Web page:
Chuck Wendig "..A lot of the prescient stuff wasn’t particularly insightful or prophetic on my part—it’s not like we didn’t know pandemics could happen or that white supremacy was a problem. But the Black Swan / Blue Dot thing was hahaha yeah, that was a little freaky....."
Chuck Wendig is a New York Times and USA Today best-selling author, both non-fiction and novels. His recent books include Wanderers, which is a Locus, Bram Stokers, and Goodreads award Nominee. As well as the series Miriam Black, Force Awakens, the Invasive Duology. You can find him on his blog Terribleminds or his Twitter account @wendig, where he might be talking about writing, birds, apples, or sandwiches, depending on the season.
Chuck was kind enough to chat with me about his writing and his upcoming horror novel, The Book of Accidents.
Reading your stories, I have noticed that you don’t do a lot of worldbuilding. You establish a setting and go, or maybe jump right in as you did with Wanderers because [gestures around] the scene is pretty much already set. Is that a conscious choice or how the words flow out of you creatively?
[CW] Worldbuilding is something I love very much, coming from a roleplaying game background (both playing and writing) but it also can be an anchor that drags a story down—I do as much worldbuilding as is ideally needed to get to the next section of the book. It’s a bridge, in many ways. Not to say you can’t or shouldn’t build other pieces of glorious architecture. Every book is different, and I don’t think every story needs to be mercilessly screaming WELL THIS MUST SERVE A POINT OR YOU WILL BURN IT DOWN. But for my mileage I do prefer to focus more on the characters, and through them, worldbuilding is revealed.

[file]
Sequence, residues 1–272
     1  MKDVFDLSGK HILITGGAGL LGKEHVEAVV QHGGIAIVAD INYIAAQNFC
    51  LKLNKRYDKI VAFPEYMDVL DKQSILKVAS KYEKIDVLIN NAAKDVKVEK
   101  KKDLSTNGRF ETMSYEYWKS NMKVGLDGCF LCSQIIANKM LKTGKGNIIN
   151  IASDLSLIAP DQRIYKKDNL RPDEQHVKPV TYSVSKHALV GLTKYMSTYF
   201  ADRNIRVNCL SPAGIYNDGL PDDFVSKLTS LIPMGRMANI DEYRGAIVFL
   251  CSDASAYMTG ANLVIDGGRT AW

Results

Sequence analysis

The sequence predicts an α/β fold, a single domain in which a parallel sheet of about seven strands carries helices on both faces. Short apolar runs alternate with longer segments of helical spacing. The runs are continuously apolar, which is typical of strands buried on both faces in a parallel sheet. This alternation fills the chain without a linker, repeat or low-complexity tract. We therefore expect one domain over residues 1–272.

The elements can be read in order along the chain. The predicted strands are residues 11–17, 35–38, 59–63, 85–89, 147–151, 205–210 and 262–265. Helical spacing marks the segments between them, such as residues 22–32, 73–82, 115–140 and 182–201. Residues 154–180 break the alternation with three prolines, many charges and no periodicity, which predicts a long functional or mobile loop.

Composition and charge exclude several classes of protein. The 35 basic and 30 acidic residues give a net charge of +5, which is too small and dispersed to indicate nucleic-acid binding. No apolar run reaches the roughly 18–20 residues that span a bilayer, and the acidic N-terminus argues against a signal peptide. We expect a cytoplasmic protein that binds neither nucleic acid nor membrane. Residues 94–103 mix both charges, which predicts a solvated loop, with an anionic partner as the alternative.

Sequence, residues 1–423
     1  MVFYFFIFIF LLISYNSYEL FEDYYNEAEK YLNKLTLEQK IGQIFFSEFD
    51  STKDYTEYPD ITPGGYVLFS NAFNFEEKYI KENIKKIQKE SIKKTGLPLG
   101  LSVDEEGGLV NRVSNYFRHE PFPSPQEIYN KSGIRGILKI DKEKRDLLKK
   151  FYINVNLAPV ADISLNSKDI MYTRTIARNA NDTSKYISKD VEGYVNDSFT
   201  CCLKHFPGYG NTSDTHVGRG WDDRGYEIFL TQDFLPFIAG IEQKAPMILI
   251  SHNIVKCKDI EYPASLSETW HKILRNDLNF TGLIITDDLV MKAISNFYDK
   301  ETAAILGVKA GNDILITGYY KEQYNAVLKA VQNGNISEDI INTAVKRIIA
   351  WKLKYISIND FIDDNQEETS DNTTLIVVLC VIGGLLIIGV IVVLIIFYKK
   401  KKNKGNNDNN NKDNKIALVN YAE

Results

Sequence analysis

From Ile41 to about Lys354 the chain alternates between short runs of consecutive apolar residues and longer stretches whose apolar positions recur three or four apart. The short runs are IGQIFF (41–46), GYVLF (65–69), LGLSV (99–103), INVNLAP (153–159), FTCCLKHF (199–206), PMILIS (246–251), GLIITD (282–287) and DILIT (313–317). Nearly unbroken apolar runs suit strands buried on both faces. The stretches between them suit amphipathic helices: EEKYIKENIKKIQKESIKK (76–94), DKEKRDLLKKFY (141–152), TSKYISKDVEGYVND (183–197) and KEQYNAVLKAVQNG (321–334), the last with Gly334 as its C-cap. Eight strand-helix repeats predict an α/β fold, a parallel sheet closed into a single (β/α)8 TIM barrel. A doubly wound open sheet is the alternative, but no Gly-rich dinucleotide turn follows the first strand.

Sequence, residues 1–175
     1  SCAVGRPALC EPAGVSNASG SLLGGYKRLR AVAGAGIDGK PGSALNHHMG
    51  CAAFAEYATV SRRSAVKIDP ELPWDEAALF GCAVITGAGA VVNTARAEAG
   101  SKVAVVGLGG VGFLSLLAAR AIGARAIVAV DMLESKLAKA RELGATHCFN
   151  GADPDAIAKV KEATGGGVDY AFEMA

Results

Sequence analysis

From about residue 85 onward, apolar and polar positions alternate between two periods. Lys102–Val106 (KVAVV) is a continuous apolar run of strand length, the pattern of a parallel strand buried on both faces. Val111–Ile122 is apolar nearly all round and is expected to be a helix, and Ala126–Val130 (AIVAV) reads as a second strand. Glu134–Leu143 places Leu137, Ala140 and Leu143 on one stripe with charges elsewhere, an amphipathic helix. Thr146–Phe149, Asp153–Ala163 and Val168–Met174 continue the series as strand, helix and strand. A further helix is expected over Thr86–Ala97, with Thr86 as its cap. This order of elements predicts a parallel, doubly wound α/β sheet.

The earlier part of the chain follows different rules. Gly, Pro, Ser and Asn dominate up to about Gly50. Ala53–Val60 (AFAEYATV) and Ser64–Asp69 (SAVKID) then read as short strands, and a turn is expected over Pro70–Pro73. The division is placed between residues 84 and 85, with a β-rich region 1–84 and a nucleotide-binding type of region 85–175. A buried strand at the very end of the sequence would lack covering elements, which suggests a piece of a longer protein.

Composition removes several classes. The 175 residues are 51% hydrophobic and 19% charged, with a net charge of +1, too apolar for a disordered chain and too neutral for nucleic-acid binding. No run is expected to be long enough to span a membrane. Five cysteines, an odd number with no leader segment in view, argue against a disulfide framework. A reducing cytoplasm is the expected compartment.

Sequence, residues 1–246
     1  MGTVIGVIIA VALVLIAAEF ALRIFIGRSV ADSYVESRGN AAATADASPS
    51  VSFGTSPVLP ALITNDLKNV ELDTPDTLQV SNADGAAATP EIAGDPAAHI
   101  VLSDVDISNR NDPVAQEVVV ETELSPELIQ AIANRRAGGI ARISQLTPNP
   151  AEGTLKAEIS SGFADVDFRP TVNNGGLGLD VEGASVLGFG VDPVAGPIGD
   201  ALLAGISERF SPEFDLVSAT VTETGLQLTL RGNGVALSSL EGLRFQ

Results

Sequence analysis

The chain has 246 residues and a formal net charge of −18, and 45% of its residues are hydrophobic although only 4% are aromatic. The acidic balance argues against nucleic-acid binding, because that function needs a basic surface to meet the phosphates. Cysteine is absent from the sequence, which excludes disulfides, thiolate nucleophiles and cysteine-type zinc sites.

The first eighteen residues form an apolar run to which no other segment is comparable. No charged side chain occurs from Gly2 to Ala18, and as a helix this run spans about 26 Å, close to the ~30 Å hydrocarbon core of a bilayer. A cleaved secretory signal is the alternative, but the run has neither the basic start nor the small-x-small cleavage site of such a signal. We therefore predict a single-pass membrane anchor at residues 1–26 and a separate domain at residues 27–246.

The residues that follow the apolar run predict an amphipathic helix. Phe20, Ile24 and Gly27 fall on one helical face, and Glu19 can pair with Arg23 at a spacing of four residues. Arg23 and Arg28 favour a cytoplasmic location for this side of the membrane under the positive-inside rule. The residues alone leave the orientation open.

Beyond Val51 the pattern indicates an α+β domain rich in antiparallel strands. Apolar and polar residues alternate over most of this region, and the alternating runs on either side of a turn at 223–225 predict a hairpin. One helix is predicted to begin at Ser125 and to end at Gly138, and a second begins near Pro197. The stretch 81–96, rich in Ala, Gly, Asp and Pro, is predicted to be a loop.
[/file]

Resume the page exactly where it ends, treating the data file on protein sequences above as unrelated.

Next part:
As someone who is deathly afraid of ants, I read Invasive because apparently, I enjoy creeping myself the hell out. One of the first lines of my review was “Chuck Wendig, you are a maniac.” Why ants?
[CW] Ants are awesome and weird, that’s why. Like bees, they are eusocial, and have behaviors that are both individual and group-based—I’ve always been interested in them. In fiction form they also make a nice metaphorical stand-in for anxiety.
Wanderers is an epic story. When you sat down to write it, did you have any idea the depth of scope it was going to cover? Or did you always know that it was going to be a huge story?
[CW] I knew it was huge, but mayyyyyybe not 280,000 words huge.
What kind of research did you do for Wanderers? While we did not have a great sleepwalking plague of 2020, there are certain similarities between the governmental response in the face of a health crisis and how things played out in your novel. Wanderers was remarkably prescient. Especially the Black Swan AI versus Blue Dot AI.
[CW] I’m a lazy writer, and much of the research for the book was not done for the book, but was rather just stuff I read that I found interesting. A lot of the prescient stuff wasn’t particularly insightful or prophetic on my part—it’s not like we didn’t know pandemics could happen or that white supremacy was a problem. But the Black Swan / Blue Dot thing was hahaha yeah, that was a little freaky.
Tell me a bit about your newest book, The Book of Accidents. It seems like a complicated horror story to sum up with a small blurb. A lot is going on. Off the top of my head, I can think of a few of the different horror types in it: Lovecraftian, paranormal, post-apocalyptic, psychological, and serial killers, all as part of the narrative. As the author, how would you describe it to prospective horror readers?